Dec. 30, 2016: I’m watching the Michigan football team play in the Orange Bowl when Head Coach Jim Harbaugh starts wildly clapping, clipboard in hand. I turn to my dad and shout, “Jim Harbaugh claps like a seal!” Then I take to Twitter and retweet everyone saying the same thing.
I had been accepted into the University of Michigan about a week before, but this was the first real bond I felt with my future school. See, Harbaugh and I have something in common: We both made fools of ourselves by clapping incorrectly on national TV.
July 4, 2011: I’m sitting on my couch, family gathered around, watching myself on “Jeopardy!” Being on the kids’ version of the quiz show was a dream that had materialized out of nowhere, one I thought would never happen. And yet, here I was, watching my TV debut.
On TV, I hit a Daily Double and began clapping, as is customary on the show. But instead of clapping like my competitors, like a normal person, I held my hands perfectly straight and parallel to each other and clapped, well, like a seal.
I put my head in my hands, unable to watch.
The first thing no one tells you about being on a quiz show: Watching yourself on TV isn’t fun. It’s a cringefest made infinitely worse once you realize millions of people are watching it.
I was self-conscious about the way I clapped from then on. Hey, at least Harbaugh is good company.
My second-place finish netted $2,000 and 15 new friends (the other contestants from my tape day — they tape a whole week of shows in one session). Not bad for a day’s work. But after that, I came to the realization that maybe I would never do anything that cool again. I was washed up at the age of 12.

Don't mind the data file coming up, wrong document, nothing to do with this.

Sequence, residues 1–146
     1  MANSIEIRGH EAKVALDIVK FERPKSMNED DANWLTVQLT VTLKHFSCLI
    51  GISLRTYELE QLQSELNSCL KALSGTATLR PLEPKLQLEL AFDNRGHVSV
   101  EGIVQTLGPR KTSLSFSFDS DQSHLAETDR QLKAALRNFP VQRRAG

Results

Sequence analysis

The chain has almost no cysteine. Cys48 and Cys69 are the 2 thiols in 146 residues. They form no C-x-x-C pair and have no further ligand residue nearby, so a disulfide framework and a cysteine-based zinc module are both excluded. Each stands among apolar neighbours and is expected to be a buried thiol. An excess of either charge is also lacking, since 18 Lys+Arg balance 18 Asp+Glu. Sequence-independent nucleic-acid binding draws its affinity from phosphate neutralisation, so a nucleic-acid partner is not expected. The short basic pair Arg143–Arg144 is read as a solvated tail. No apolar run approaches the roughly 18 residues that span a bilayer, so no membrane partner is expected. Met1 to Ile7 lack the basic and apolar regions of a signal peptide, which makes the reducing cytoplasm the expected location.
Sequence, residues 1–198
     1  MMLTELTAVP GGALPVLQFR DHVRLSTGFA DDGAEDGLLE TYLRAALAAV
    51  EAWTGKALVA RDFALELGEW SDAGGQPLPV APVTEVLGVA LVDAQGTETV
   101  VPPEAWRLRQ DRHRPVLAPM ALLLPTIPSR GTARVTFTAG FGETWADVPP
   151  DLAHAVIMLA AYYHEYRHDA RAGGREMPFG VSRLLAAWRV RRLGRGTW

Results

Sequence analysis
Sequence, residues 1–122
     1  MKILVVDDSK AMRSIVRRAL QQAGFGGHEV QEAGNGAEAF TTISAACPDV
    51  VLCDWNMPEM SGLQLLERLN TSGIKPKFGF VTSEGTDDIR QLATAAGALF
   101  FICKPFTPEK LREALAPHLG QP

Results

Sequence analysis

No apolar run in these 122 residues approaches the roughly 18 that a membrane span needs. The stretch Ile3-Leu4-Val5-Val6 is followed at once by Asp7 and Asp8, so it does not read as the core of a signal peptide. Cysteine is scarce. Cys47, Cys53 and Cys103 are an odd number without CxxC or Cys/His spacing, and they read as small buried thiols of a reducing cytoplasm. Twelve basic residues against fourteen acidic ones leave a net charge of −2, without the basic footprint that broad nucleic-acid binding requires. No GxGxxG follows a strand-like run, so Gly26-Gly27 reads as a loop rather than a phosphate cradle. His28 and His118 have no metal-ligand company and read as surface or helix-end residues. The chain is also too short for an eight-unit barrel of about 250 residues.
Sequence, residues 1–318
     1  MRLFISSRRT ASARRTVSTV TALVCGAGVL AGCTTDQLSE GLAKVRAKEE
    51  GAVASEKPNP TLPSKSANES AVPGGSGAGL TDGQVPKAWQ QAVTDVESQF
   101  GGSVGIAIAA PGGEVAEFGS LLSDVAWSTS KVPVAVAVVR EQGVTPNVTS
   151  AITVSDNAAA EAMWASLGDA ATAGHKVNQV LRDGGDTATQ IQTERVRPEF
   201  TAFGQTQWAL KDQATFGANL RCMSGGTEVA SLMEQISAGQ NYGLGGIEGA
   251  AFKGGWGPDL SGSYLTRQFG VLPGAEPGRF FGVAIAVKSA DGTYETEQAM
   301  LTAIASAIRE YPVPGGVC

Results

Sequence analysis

Still, I had been on a quiz show, and that itself was something I could use to my advantage — or so I thought. A year after my show aired, I moved to Michigan where I would start eighth grade not knowing anyone. Everyone already had their friends, so I needed a way to stand out.
By my second week, the entire grade might as well have known. I got the attention I wanted, but there would be unintended consequences. By making my “Jeopardy!” appearance the first thing anyone knew about me, I was basing my identity around it — an identity I would later realize I didn’t want.
The second thing no one tells you about being on a quiz show: You’re quizzed about your experience. Constantly.
“How did you get on the show?” (Online test, in-person audition, lots of luck.)
“What’s Alex Trebek like?” (We barely interacted with him, but nice I guess.)
“Is your episode online?” (No, thank god.)
And of course, “Did you win?” (The conversation usually ended when I said no.)
The third thing no one tells you about being on a quiz show: There comes a point when the show becomes your identity, and at that point it almost becomes out of your control.
There were no words I dreaded more from a teacher than, “We’re playing Review ‘Jeopardy!’ this week.” Review “Jeopardy”! was usually a PowerPoint with “Jeopardy!”-style questions where teams competed for extra credit right before a test. Every time, all my classmates — some of whom I barely knew — raced to be on a team with me, convinced I would lead them to victory and the ever-important extra credit points, never mind that Review “Jeopardy!” requires very different skills from actual “Jeopardy!”. A win was meaningless because of how I had been used. A loss meant I had let everyone down.